Lin Sivvi, Defiant Hero

... or green threats so fast and burly they could only be contained by Fading counters.

Saproling Burst

Thrashing Wumpus could handle the little guys... But they were putting pressure on a Black mage's life total; and so was Thrashing Wumpus!

The Green threats could be even worse! A Blastoderm - given Shroud - was hard to contain. So sometimes you just needed to pour 2-5 life into your own Beast and hope for the best.

If you were really good at managing your resources - life total in particular - there might not be a better way to win than Thrashing Wumpus. It was a fast clock and control all in one card.

The icon, of course:

Number Eight

Cavern Harpy

When you think of Beasts, you probably think of dealing a bunch of damage to your big dumb opponent; probably with a bulky attack.

But what about doing literally infinite damage? That doesn't sound merely big and dumb. I mean, you have to do a little work to get there; maybe gain infinite life along the way? But Cavern Harpy might be just the Beast for you!

Archetype Deck:

Masashi Oiso has ten - ten - Pro Tour Top 8s... But "only" one Grand Prix win. He did it with the Aluren deck that played not just three Cavern Harpies in the main... But one in the sideboard to go get with Living Wish.

How does this one work?

Once you have Aluren in play, you can play Cavern Harpy for free. When Cavern Harpy enters the battlefield, it has to return a Blue or Black creature to your hand. Why not itself?

Auriok Champion

If you have an Auriok Champion in play, you can just gain a bazillion life that way. Once you're at, say, two bazillion, Maggot Carrier offers a way to actually win the game.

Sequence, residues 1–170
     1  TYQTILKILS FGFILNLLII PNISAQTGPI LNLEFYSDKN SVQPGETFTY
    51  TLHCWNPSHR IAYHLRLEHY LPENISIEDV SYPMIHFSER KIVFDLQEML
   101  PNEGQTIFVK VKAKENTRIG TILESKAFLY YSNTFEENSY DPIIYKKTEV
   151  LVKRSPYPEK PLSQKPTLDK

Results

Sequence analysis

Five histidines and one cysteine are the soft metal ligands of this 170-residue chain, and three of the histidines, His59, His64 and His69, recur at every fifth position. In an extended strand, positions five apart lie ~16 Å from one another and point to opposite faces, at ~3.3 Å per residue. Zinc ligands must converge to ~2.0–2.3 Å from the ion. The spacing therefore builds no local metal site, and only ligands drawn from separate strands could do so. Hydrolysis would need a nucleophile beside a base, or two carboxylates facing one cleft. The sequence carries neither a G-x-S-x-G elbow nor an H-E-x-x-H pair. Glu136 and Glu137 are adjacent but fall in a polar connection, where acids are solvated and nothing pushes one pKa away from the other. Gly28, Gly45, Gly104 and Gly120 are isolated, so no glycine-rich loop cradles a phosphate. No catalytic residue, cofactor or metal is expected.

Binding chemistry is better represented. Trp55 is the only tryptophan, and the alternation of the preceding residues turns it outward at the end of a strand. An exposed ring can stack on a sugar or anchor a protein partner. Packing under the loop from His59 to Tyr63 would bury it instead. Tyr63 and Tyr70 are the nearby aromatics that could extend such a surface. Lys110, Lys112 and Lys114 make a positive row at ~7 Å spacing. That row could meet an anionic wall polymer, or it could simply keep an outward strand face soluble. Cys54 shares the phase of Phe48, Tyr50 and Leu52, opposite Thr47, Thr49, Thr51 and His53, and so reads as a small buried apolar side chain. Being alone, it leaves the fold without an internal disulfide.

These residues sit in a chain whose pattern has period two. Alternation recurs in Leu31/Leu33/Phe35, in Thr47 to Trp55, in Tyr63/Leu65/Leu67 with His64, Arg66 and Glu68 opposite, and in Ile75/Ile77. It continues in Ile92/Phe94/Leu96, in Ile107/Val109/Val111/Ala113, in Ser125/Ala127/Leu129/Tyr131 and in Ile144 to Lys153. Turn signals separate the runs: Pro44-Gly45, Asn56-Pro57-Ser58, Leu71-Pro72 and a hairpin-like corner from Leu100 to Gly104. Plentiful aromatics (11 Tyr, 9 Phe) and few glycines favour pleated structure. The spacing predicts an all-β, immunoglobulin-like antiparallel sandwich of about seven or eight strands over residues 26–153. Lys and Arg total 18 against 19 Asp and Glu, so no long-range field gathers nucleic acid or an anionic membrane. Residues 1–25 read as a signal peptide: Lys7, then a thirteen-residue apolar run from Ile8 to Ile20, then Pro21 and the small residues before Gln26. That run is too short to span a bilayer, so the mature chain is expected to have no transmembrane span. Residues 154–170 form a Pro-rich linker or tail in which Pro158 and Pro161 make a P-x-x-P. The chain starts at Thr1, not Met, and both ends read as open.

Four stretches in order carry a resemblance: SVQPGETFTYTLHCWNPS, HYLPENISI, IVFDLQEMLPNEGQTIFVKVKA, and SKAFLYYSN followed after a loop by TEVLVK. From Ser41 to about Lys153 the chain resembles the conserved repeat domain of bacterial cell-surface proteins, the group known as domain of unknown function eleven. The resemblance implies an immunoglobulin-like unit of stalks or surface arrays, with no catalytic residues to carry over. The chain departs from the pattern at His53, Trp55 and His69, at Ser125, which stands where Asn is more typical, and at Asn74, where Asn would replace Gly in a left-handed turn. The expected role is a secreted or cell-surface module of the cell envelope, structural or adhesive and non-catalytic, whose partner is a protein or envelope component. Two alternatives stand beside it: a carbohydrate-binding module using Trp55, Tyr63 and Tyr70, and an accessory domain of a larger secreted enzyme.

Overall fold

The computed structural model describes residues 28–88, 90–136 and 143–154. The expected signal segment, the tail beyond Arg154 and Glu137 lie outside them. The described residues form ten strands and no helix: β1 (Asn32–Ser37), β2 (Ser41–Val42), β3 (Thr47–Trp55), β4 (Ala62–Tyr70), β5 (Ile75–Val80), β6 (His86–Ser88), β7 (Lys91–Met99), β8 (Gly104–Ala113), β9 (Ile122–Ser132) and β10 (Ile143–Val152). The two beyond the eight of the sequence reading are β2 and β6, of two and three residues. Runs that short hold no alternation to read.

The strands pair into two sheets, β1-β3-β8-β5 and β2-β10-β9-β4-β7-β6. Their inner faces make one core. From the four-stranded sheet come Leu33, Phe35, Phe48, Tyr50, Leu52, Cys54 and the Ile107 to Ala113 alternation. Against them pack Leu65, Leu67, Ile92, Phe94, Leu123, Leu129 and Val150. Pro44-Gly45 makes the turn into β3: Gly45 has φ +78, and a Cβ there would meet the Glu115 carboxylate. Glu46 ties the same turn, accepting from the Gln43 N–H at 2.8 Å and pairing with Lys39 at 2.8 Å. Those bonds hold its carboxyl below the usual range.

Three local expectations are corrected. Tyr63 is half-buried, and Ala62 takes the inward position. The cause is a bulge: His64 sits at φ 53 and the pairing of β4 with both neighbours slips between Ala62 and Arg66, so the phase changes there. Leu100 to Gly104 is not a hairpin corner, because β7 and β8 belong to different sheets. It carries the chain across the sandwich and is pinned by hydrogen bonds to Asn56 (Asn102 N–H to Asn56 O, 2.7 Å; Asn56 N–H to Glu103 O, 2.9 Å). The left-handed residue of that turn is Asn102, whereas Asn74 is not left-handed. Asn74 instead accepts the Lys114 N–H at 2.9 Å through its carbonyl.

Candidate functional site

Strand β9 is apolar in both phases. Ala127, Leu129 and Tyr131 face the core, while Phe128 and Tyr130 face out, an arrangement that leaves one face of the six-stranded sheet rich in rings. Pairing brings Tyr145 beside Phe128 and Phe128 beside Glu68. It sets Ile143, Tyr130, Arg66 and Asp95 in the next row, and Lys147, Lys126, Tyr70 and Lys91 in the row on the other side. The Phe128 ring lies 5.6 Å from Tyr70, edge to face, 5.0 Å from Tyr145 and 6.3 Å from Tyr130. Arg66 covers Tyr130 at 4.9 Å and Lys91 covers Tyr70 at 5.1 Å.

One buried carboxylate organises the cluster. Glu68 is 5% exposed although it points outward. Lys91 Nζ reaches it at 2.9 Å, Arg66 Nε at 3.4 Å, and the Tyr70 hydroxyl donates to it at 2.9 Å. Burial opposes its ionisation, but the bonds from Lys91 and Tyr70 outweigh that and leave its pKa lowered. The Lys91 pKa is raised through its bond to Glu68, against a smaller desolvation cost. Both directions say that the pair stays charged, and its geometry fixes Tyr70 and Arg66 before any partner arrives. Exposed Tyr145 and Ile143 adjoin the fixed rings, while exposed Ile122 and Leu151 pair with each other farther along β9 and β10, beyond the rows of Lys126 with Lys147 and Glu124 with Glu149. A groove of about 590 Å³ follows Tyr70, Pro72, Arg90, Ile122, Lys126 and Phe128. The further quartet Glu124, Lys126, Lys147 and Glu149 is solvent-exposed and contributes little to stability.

Maggot Carrier

I mean this is a really convoluted way to do it. Maggot Carrier enters the battlefield; tings both players for one... You end up having to pay a life with Cavern Harpy a bunch of times to get it back into your hand so you can keep gating Maggot Carrier. But hey, two bazillion life, am I right?

Cavern Harpy was a signature Beast in a hell of a deck... But that's not the only reason it is one of the Top 10 Beasts of all time.

This card was a killer in Invasion Block Limited as well.

Cavern Harpy was literally printed at Common!

It single-handedly out-classed an entire color. But what about some of the cards it could combine with, in Limited?

Phyrexian Rager
Ravenous Rats
Stormscape Battlemage

None of these cards were rare!?!

Number Seven

Protean Hulk

Billy Moreno made the best Constructed deck "ever" played at a Grand Prix; often called the best Constructed deck of all time:

Four ex Protean Hulk!

Imagine you sit down at the Grand Prix table and your opponent plays first turn land, Chrome Mox, and Flash?

Then he shows you Protean Hulk with Flash, and kind of gestures at his deck.

Would you know how the combo works?

Well neither did Steve Sadin.

Sadin just got a ton of concessions through Day One until Owen Turtenwald made him actually go through the combo. That didn't go so well.

They had a rematch in the Finals, where Steve acquitted himself to the tune of a Grand Prix victory (his deck was THAT good); having learned how to execute the combo somewhere along the way.

FWIW, Protean Hulk costs seven; Karmic Guide + Carrion Feeder only cost six total... Karmic Guide can re-buy Protean Hulk; Carrion Feeder can eat it to create another trigger (which gets Kiki-Jiki, Mirror-Breaker)... and then Kiki-Jiki and Karmic Guide can create a lot of hasty Angels.